- Balloon fiesta organizers are looking for 200 feet by 200 feet open spaces without trees or power lines for balloons to land in.
World records are nothing new to organizers of the Albuquerque International Balloon Fiesta.
The event set the world record for biggest mass ascension of hot air balloons in 2010, 2011 and again in 2019. This year, organizers aim to add two more world records to balloon fiesta history: the highest number of balloons glowing at night, and the biggest number of remote controlled balloons in the sky at once.
“It’s like having 10 Super Bowls, every day, in Albuquerque. But our footballs are balloons,” said Al Tertreault, balloon fiesta board president, at a Wednesday Economic Forum of Albuquerque panel focused on the upcoming fiesta.
This year is the second time that the balloon fiesta has hosted the “Fiesta de los Globitos,” where kids and adults alike pilot 7- to 8- foot tall balloons via remote control. Last year, the event had 30 participants. This year, 85 people will remotely launch the “miniature” balloons.
“It’s teaching those children to get into ballooning,” said Sam Parks, director of operations of the balloon fiesta.
This year marks the 50th anniversary of the balloon fiesta after the 2020 gathering was canceled.
To celebrate the anniversary, organizers are recreating the original ascension at Coronado Center, where the first balloon fiesta was hosted. Three of the four surviving pilots from the original event will be present Sept. 30, when 13 balloons will commemorate the 1972 launch.
Paul Smith, executive director of the balloon fiesta, said he remembers seeing the first ascension from the windows of his high school classroom.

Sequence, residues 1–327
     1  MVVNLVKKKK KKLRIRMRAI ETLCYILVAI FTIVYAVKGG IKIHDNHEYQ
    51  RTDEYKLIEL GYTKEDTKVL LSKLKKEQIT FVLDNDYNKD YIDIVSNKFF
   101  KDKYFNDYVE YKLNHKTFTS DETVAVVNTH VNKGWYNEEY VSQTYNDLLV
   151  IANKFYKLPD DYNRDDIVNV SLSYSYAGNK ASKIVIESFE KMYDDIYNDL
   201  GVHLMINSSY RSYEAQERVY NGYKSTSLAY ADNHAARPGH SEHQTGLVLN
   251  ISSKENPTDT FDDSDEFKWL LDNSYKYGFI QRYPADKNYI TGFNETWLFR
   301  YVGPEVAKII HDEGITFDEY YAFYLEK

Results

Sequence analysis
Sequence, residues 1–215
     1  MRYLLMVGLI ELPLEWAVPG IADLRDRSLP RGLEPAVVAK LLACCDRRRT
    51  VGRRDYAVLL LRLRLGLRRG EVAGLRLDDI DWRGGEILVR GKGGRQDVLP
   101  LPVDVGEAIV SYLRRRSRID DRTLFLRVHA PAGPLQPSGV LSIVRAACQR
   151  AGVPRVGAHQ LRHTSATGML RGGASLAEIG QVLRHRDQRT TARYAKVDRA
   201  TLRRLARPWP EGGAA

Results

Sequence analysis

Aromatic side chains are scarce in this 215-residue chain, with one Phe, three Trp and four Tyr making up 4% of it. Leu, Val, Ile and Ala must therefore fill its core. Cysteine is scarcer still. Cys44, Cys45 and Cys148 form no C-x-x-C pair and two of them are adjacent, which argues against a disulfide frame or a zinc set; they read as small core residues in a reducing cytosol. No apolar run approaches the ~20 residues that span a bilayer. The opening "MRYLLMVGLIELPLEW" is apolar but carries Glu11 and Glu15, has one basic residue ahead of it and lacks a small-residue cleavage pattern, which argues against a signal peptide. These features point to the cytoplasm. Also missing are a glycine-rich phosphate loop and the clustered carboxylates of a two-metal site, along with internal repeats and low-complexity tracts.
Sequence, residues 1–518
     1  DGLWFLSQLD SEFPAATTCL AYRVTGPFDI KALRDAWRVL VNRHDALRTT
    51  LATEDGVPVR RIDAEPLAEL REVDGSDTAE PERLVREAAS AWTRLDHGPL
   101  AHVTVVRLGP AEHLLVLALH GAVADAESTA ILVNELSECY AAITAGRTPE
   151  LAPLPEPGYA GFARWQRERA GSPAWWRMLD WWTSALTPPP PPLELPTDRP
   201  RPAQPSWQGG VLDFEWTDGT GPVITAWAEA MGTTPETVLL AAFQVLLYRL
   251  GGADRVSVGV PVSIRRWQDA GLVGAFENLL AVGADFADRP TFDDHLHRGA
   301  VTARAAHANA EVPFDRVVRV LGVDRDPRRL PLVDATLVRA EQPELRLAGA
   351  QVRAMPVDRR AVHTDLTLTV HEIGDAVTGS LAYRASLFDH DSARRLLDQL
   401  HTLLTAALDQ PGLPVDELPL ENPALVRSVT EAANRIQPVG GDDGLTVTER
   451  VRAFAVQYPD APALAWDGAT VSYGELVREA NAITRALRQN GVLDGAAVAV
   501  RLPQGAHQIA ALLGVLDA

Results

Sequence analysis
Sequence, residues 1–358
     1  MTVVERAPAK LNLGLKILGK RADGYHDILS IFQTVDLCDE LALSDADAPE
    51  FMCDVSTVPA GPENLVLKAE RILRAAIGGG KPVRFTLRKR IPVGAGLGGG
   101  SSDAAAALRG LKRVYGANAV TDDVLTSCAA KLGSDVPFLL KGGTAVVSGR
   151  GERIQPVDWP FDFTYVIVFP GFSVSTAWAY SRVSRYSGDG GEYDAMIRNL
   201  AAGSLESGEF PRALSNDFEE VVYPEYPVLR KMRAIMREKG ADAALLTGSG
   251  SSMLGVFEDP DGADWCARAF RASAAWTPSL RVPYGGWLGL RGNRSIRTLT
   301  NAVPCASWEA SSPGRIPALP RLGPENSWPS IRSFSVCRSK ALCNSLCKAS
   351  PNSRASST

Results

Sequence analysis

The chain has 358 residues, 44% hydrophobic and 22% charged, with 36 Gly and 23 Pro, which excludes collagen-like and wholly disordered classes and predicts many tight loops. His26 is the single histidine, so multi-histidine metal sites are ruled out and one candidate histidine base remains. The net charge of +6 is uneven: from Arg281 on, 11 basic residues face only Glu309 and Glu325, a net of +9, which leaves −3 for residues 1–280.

“It was something that caught my eye back then, and obviously it caught the eye of Albuquerque,” Smith said at the Wednesday meeting.
For the first time since the COVID-19 pandemic, musicians will be able to perform at Music Fiesta. This year’s fiesta features musical guests Restless Road, Lainey Wilson and Cole Swindell.
Similarly, the interactive Balloon Discovery Center, where kids can learn about the physics of ballooning, will return this year after a COVID-induced hiatus.
This year also marks the return of international balloons and balloonists. Twenty-two different countries will be in attendance this year, as well as 45 out of 50 states. Taiwan and Ukraine will both represented at the festival.
“We have more balloons than we have room for,” Parks said. “… Everybody wanted to come.”
The fiesta had to turn away more than 200 pilots interested in attending; this year, every launch square will be assigned four pilots, with over 600 primary pilots total.
The fiesta sold out of several experiences, including its glamping facilities, RVs, chasers’ club and concierge system “minutes within opening sales,” Smith said. This year, they’re introducing “skyboxes,” made out of shipping containers with elevated platforms, that are still available to reserve.
At the meeting, organizers expressed anxieties about the future of balloon fiesta due to a shortage of landing sites. Balloon fiesta organizers are looking for 200 feet by 200 feet open spaces without trees or power lines for balloons to land in.
“That is the biggest problem we are going to suffer through,” Tetreault said.
Tetreault also called on local hotels to provide housing for pilots.
“It is truly a community effort,” Smith said.